• Furtman, Michael. 2000. Magic on the Rocks. Birch Portage Press.
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  • Kegg, Maude. 1978. Edited and transcribed by John D. Nichols. Gabekanaansing / At the End of the Trail: Memories of Chippewa Childhood in Minnesota with Texts in Ojibwe and English. Occasional Publications in Anthropology: Linguistics Series No. 4. Greeley, Colorado: Museum of Anthropology, University of Northern Colorado.
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  • Ningewance, Pat. 1999. Naasaab Izhi-Anishinaabebii'igeng Conference Report A Conference to Find a Common Anishinaabemowin Writing System. Toronto: Literacy and Basic Skills Section, Ontario Ministry of Education and Training. ISBN 0-7778-8695-2
  • O'Meara, John. 1996. "Introduction." John O'Meara, ed., ᓂᓄᑕᐣ / Ninoontaan / I can hear it: Ojibwe stories from Lansdowne House written by Cecilia Sugarhead. Edited, translated and with a glossary by John O’Meara, pp. vii-xxxiii Winnipeg: Algonquian and Iroquoian Linguistics. ISBN 0-921064-14-4
  • O’Meara, John. 1996a. "Writing Anihshininiimowin (Severn Ojibwe)." Tom Beardy, Introductory Ojibwe: Parts One and Two in Severn Dialect, pp. v-xiv. Thunder Bay: Native Language Instructors' Program, Lakehead University. ISBN 0-88663-018-5. Also in Intermediate Ojibwe: Parts One and Two in Severn Dialect; and Advanced Ojibwe: Parts One and Two in Severn Dialect, pp. v-xiv. Thunder Bay: Native Language Instructors' Program, Lakehead University.
  • ᐅᔥᑭᒪᓯᓇᐃᑲᓐ ᑲᐊᓂᔑᓇᐯᒧᒪᑲᒃ Oshkimasina’ikan KaaAnihshinaapemoomakahk. 1988. Toronto: Canadian Bible Society. [New Testament in Roman orthography and Cree syllabics. Chapters in Sandy Lake Ojibwe: Luke, Acts, Philemon; other chapters in Pikangikam Ojibwe] ISBN 0-88834-301-1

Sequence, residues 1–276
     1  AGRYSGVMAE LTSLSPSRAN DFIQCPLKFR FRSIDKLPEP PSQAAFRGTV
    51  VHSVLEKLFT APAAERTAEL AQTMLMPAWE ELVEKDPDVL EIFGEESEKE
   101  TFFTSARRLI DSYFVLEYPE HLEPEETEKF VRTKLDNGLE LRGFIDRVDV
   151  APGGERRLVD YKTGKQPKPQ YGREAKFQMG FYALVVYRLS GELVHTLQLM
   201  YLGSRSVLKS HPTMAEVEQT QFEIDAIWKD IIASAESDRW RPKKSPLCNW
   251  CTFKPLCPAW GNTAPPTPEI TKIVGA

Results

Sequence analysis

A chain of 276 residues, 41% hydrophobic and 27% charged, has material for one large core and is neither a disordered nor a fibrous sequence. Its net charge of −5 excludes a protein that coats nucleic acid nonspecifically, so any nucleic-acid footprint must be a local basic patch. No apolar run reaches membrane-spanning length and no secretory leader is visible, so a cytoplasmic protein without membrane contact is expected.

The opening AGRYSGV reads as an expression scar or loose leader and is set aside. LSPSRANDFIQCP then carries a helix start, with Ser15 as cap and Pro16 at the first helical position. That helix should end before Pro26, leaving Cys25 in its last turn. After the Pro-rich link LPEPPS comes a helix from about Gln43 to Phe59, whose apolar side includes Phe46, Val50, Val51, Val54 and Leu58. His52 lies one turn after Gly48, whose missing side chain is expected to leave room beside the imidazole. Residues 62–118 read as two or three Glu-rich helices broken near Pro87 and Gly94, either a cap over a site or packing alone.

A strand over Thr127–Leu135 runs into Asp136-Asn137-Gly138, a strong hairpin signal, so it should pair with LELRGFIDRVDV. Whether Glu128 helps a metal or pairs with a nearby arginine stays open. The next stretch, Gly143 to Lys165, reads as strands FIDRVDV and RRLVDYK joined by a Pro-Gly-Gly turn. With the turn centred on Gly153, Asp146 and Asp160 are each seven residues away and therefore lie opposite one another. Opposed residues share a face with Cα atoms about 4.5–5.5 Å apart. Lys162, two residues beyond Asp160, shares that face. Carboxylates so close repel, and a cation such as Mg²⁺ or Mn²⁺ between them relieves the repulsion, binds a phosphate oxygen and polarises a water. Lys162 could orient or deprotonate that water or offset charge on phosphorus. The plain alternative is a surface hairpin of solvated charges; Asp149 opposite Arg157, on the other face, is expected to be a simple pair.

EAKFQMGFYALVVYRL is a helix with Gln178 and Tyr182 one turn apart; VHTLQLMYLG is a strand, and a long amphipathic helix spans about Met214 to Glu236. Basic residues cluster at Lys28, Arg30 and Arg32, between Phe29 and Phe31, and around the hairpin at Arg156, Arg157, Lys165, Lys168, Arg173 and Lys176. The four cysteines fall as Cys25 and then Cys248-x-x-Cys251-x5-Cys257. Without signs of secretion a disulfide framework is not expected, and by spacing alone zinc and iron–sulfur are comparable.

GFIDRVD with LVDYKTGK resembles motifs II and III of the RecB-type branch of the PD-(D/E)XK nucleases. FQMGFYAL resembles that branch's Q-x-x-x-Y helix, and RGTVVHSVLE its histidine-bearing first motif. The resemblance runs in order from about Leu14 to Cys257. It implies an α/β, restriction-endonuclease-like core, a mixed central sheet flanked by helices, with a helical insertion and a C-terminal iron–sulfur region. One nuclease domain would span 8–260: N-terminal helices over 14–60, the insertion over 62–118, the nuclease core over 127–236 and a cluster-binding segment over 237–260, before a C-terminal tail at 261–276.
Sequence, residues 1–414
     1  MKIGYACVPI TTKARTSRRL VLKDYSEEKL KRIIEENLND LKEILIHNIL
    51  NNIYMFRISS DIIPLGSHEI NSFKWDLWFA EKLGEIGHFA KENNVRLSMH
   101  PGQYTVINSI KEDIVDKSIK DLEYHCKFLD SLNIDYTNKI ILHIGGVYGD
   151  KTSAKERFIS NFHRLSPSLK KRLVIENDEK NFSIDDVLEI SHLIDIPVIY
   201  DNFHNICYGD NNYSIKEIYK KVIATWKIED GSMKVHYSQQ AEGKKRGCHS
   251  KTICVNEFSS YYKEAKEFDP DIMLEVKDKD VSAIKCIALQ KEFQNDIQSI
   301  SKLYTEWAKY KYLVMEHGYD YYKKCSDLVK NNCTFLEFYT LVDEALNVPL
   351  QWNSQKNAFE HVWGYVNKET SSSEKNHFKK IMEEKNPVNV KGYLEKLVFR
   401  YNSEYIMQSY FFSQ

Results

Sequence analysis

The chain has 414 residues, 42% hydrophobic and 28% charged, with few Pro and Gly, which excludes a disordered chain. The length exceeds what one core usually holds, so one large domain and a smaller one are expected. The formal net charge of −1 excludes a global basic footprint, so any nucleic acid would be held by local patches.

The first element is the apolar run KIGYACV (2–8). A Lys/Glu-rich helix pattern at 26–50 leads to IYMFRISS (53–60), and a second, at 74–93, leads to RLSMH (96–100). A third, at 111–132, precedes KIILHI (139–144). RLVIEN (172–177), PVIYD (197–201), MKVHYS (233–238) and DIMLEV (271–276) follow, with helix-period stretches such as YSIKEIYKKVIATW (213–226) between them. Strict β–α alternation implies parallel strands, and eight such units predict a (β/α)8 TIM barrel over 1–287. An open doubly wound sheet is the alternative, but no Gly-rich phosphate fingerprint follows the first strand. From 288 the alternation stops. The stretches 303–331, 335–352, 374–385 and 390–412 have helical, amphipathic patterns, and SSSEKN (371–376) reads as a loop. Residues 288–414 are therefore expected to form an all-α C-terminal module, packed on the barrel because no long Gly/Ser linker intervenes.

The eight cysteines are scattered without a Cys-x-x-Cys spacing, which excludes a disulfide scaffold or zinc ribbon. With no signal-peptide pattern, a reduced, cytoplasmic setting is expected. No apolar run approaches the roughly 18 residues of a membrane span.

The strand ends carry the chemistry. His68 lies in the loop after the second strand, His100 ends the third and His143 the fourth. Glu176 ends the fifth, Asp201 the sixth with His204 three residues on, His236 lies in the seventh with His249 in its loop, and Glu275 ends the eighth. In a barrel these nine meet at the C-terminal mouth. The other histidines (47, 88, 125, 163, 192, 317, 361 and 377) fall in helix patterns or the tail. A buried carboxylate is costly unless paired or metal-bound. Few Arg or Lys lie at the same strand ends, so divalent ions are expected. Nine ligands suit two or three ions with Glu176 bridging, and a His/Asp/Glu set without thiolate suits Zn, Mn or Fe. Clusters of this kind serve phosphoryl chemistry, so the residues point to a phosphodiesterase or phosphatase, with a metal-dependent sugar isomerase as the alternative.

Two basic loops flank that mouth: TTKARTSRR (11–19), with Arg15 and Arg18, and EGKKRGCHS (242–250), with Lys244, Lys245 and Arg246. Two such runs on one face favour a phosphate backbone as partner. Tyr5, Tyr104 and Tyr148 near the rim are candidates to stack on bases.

• Pentland, David. 1996. "An Ottawa letter to the Algonquin chiefs at Oka." Brown, Jennifer and Elizabeth Vibert, eds., Reading beyond words: Contexts for Native history, pp. 261–279. Peterborough, ON: Broadview Press. ISBN 1-55111-070-9
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  • Valentine, J. Randolph. 1994. Ojibwe dialect relationships. PhD dissertation, University of Texas, Austin.
  • Valentine, J. Randolph. 1998. Weshki-bimaadzijig ji-noondmowaad. 'That the young might hear': The stories of Andrew Medler as recorded by Leonard Bloomfield. London, ON: The Centre for Teaching and Research of Canadian Native Languages, University of Western Ontario. ISBN 0-7714-2091-9
  • Valentine, J. Randolph. 2001. Nishnaabemwin Reference Grammar. Toronto: University of Toronto Press. ISBN 0-8020-4870-6